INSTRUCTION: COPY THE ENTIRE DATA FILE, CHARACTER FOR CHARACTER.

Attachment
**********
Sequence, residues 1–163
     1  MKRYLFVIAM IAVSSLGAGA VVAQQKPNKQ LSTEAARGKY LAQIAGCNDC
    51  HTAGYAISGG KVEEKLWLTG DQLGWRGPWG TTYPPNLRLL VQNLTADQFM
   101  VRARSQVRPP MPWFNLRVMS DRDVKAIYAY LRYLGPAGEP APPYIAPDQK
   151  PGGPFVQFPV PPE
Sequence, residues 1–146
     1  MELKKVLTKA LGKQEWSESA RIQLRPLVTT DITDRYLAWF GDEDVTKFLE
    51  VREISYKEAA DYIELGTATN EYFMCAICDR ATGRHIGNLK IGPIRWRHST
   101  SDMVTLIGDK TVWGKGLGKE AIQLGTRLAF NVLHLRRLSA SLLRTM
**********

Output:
Sequence, residues 1–163
     1  MKRYLFVIAM IAVSSLGAGA VVAQQKPNKQ LSTEAARGKY LAQIAGCNDC
    51  HTAGYAISGG KVEEKLWLTG DQLGWRGPWG TTYPPNLRLL VQNLTADQFM
   101  VRARSQVRPP MPWFNLRVMS DRDVKAIYAY LRYLGPAGEP APPYIAPDQK
   151  PGGPFVQFPV PPE
Sequence, residues 1–146
     1  MELKKVLTKA LGKQEWSESA RIQLRPLVTT DITDRYLAWF GDEDVTKFLE
    51  VREISYKEAA DYIELGTATN EYFMCAICDR ATGRHIGNLK IGPIRWRHST
   101  SDMVTLIGDK TVWGKGLGKE AIQLGTRLAF NVLHLRRLSA SLLRTM